Saturday, 14 June 2014

Three short non-fiction ebooks I got for free

These were all links to free promotions which I followed from Twitter or the KDP forums. I'm actually glad I didn't pay anything for any of them, as I wasn't particularly impressed. I think there are a lot of authors, mostly in the US, churning out very short non-fiction books. They give them a great title and cover, but the content isn't up to much.

3-Step e-book Ranking System by E. McNew
Can't provide a link as I can no longer find this on Amazon. It may be this one renamed or a taster of it. The author claimed the book would give you secret ways of improving your ebook rankings. She talks about colours of covers - what colours relate to different genres, and what would draw a browser in. I think the sections on each colour must be written in different colours, because on my basic black and white kindle some of this text was pale grey and hard to read. She talks about pen names and pricing. She mentions very briefly the need to edit and format your book and how to upload it to KDP. Then she talks about categorising your book - the essence of this section seems to be to find a small category and put it there, so you have more chance of hitting number one.

The psychology parts were a bit homespun to say the least. The sections on uploading and editing weren't anything much to do with the point of the book. Some of the stuff on categorising and picking keywords was interesting but is covered in more depth on the KDP help pages.

Short, badly formatted, poorly planned.

Author's Quick Guide to Editing your Book by Kristen Eckstein
Needed an edit itself. Several typos in this book, which is unfortunate given its subject matter, and not really acceptable given its brief length. The book talks about whether you should employ a ghost writer (really?), a structural editor or a copy editor. There's a very brief section on making sure you know the difference between affect and effect, compliment and complement etc, and how to use commas.  Part way through the author admits this book was written in a day, as part of a challenge to publish a book a week. It shows. it's one of a series of quick guides for authors but I won't be downloading any others, even if they're free.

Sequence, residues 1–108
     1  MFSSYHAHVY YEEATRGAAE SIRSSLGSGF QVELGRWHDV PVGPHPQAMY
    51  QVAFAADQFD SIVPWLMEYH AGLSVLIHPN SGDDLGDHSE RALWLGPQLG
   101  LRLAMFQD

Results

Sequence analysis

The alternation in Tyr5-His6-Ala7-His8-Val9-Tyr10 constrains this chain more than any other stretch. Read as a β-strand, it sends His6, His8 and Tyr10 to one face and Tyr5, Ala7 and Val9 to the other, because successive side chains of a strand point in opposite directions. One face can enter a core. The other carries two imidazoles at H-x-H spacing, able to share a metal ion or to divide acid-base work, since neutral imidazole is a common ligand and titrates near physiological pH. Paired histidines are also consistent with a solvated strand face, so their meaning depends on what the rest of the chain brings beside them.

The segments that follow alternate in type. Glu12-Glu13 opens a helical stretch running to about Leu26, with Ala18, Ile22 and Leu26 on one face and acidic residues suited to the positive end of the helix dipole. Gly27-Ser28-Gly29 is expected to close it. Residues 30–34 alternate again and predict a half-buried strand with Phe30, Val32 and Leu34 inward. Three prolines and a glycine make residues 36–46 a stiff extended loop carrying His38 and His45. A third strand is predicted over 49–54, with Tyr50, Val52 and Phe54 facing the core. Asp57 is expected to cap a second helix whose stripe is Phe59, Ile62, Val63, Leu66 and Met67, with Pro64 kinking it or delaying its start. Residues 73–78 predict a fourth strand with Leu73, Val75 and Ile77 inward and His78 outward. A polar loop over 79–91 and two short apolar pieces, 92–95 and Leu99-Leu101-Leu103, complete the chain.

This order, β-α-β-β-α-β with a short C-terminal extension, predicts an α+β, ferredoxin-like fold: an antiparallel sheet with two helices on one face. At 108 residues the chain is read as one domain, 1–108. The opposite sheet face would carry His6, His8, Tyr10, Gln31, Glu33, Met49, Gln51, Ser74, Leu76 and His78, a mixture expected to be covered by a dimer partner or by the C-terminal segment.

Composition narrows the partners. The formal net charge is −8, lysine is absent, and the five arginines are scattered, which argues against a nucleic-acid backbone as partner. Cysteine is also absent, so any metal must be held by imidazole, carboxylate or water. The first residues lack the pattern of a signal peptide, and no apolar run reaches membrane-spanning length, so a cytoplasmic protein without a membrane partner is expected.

Knee Pain Cure by Ace McCloud
This book wins an award for the longest ever subtitle which I can't be bothered to type out. I have dodgy knees so when I saw this one for free I downloaded it, hoping to pick up a few tips. It's mostly about dealing with and recovering from knee injuries. Arthritis is given a passing mention. There's a lot about possible surgeries to repair knees, and no real advice for coping with or minimising regular age-related wear and tear. So nothing in it for me, and again, another book which came across as poorly planned.

The Oyster Catcher

The Oyster Catcher by Jo Thomas 

This book won the RNA Joan Hessayon award 2014, which was presented at the RAN summer party I attended. So I had to read it, to see how it shaped up to other novels nominated for that award.